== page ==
Fom a purely economic perspective, if you assume a cost of funds at current mortgage rates (3%), it will take quite a long time to make up the $12-14k difference between the MrCool units and the Fujitsu units you had installed. In states where there are lower rebates the differential gets larger. This is the conundrum I am wrestling with in deciding whether to complete the full conversion to electric heat by adding another hyper heat unit or two. I have a very efficient Energy Kinetics boiler/baseboard and no rebates so the economic payback differential if I add a few more Fujitsu hyper heat units is much longer. I am converting purely for "civic duty" reasons...but I do not have unlimited deep pockets to do so.

      1. BFW577 | | #24

        I think your underestimating how poor the Mr Cool units performance is in cold. They essentially are rated at 47 degrees and immediately start losing capacity below that. From 47-17 degrees they lose 60% of their maintenance capacity. They don't have basepan heaters either so they are more of convenient cooling solution in my opinion.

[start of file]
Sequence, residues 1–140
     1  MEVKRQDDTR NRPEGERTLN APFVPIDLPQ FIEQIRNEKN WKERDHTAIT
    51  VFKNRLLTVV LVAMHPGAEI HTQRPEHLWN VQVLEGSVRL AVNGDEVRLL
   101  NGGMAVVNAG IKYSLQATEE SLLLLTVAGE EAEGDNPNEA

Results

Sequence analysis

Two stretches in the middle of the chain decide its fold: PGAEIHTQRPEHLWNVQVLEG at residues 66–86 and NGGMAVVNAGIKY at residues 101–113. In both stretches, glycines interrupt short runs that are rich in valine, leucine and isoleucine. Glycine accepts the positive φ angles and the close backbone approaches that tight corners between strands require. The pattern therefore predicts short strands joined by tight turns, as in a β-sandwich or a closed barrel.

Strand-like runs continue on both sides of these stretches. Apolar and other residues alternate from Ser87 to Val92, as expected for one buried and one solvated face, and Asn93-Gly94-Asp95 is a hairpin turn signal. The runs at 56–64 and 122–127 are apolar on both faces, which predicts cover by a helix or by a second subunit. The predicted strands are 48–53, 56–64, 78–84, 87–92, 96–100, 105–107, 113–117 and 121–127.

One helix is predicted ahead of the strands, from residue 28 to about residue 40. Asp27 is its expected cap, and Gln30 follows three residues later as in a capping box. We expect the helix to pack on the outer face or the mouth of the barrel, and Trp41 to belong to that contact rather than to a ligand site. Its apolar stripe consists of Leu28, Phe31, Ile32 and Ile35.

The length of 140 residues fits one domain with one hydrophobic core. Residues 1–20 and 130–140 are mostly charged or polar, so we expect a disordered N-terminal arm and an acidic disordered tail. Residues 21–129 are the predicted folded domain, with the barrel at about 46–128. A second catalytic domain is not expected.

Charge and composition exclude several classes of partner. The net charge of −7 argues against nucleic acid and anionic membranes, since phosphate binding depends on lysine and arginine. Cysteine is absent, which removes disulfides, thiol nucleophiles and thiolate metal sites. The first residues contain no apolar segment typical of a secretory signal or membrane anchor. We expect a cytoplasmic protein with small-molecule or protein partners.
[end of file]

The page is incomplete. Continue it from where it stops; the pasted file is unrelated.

Here is the neep rating on the popular 12k diy unit. I would imagine a Mr Cool Multi split would perform worse than the more efficient 1 to 1 unit.

        https://ashp.neep.org/#!/product/30946

        1. Deleted | | #27

          Deleted

        2. Nick Defabrizio | | #28

          Actually the numbers: 6kBTU at 5F, are close to the load calculation for my bedroom at design temp for my area. Meanwhile the larger models (18k or 24 k) seem well matched to my mostly underground basement. Then, once temps approach zero, even my Fujitsu hyper heat models in the main room start to strain and I turn on my Energy Kinetics boiler.